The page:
edit:
                    But of course, using unsigned integers is something I would recommend, but not for memory reasons, but because a uint is positive, and it should always be positive. So using a uint on for example a persons HP would make a lot of sense, since it's not supposed to go below 0.
                    Last edited by Devgroup; 03-10-2017, 06:45 AM. Reason: added info about uint

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                      #11
                      Originally posted by BrUnO XaVIeR View Post
                      lol most people around the world barely have speed enough to play a youtube video at 720p;
                      That is not "very stabilished" network, not all... That is something around 200kB/s max cap.
                      I should've mentioned in my post above, a 720p youtube video is definitely more than 200 kB/s.
                      https://support.google.com/youtube/answer/2853702?hl=en
                      720p
                      - Resolution: 1280x720
                      - Video Bitrate Range: 1,500 - 4,000 Kbps

                      Comment


                        #12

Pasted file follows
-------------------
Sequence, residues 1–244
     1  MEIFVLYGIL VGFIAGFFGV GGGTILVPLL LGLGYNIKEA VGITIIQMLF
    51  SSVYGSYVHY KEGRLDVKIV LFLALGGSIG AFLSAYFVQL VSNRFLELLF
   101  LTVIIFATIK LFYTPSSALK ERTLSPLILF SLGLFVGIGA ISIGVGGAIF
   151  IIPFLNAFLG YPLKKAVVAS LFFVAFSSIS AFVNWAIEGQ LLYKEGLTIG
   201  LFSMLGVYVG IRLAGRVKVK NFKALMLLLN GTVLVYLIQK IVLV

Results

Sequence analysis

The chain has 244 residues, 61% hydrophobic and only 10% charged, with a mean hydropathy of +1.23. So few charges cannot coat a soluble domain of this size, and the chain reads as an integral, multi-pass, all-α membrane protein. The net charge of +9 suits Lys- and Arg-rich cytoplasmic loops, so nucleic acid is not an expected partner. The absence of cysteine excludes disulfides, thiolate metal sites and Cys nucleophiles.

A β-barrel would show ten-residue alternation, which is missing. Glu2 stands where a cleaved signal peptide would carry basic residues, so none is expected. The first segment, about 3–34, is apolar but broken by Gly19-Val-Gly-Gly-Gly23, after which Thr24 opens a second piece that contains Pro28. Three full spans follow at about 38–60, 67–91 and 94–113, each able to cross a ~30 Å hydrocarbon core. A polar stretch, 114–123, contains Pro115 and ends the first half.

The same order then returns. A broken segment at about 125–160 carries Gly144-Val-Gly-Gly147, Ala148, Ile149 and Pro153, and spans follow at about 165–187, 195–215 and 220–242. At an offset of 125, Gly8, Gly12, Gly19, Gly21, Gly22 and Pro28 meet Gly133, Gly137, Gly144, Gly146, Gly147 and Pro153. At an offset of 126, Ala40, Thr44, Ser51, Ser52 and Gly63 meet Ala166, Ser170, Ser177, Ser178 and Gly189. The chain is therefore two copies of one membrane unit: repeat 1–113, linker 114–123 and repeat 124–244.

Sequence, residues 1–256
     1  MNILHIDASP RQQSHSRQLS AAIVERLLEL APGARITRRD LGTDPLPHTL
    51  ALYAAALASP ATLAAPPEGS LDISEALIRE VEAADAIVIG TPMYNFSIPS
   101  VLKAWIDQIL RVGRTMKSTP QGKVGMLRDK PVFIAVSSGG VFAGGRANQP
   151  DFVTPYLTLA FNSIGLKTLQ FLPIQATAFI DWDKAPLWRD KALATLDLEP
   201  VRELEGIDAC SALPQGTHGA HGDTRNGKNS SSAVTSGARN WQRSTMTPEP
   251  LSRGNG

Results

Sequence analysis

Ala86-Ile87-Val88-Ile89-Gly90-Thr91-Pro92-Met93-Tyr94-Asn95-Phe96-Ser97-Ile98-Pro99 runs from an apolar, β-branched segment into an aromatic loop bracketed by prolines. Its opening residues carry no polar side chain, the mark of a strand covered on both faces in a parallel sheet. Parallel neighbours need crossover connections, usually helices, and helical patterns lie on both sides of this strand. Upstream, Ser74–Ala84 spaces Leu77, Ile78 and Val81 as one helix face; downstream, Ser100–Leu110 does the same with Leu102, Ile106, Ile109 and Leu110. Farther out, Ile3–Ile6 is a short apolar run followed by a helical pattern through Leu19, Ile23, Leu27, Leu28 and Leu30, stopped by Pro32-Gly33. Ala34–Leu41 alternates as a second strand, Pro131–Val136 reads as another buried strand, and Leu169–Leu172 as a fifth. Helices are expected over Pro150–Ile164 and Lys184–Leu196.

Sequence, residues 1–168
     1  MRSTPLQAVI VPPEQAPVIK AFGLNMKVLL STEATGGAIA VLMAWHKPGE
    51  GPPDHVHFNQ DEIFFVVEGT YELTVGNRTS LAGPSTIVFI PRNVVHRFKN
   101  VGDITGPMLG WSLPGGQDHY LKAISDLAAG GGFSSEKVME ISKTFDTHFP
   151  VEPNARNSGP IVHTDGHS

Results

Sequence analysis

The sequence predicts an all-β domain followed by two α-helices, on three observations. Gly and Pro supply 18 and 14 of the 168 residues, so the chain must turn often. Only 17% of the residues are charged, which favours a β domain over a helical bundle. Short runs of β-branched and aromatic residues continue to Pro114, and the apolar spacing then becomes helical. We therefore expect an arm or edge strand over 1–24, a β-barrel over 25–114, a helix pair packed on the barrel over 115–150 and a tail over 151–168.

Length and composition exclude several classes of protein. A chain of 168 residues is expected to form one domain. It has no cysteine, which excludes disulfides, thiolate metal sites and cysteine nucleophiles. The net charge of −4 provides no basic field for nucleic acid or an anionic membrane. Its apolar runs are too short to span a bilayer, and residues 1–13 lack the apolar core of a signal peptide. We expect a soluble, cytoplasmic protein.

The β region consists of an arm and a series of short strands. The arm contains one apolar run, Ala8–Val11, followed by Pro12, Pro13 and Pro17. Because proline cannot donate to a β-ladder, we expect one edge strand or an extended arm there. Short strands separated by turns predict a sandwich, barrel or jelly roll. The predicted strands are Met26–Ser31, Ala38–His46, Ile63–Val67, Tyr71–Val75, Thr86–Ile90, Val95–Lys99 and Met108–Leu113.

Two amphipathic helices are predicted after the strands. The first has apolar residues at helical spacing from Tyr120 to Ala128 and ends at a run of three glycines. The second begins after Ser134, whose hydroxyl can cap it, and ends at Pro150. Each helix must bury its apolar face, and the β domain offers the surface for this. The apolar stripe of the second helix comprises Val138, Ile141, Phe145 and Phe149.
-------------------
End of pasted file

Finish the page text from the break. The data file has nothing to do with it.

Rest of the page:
Well, 200kB IS 2000 Kbps. Again, it is not "definitely more"; it's the average range of (1500 to 4000 kbps).
                        | Savior | USQLite | FSM | Object Pool | Sound Occlusion | Property Transfer | Magic Nodes | MORE |

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                          #13
                          And 4000 kbps is 500 kB/s.
                          Although I must correct myself, the reference I used was for YouTube's live stream. Which is not using the same bitrate as their videos.
                          The videos has a higher bitrate which is https://support.google.com/youtube/answer/1722171?hl=en

                          Type Video Bitrate, Standard Frame Rate (24, 25, 30) Video Bitrate, High Frame Rate (48, 50, 60)
                          720p 5 Mbps 7.5 Mbps

                          So a normal 720p video with 24-30 fps would require 5 Mbps, which is 0.625 MB/s

                          Edit:
                          Don't forget we're comparing with the worst case scenario, which is far from the average case.
                          Last edited by Devgroup; 03-10-2017, 12:06 PM.

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                            #14
                            If internet today were any good, nobody would have to pay for services like this to play: http://www.wtfast.com
                            If all we need were only bandwidth we'd be good; outside South Korea, internet services are pretty much very poor and the more data you transfer the less happy players you'll have.
                            LoL is a very very lightweight game and still can't run properly on a lot of those 2Mb connections because the world wide web is total mess, what one takes for granted is almost impossible for others...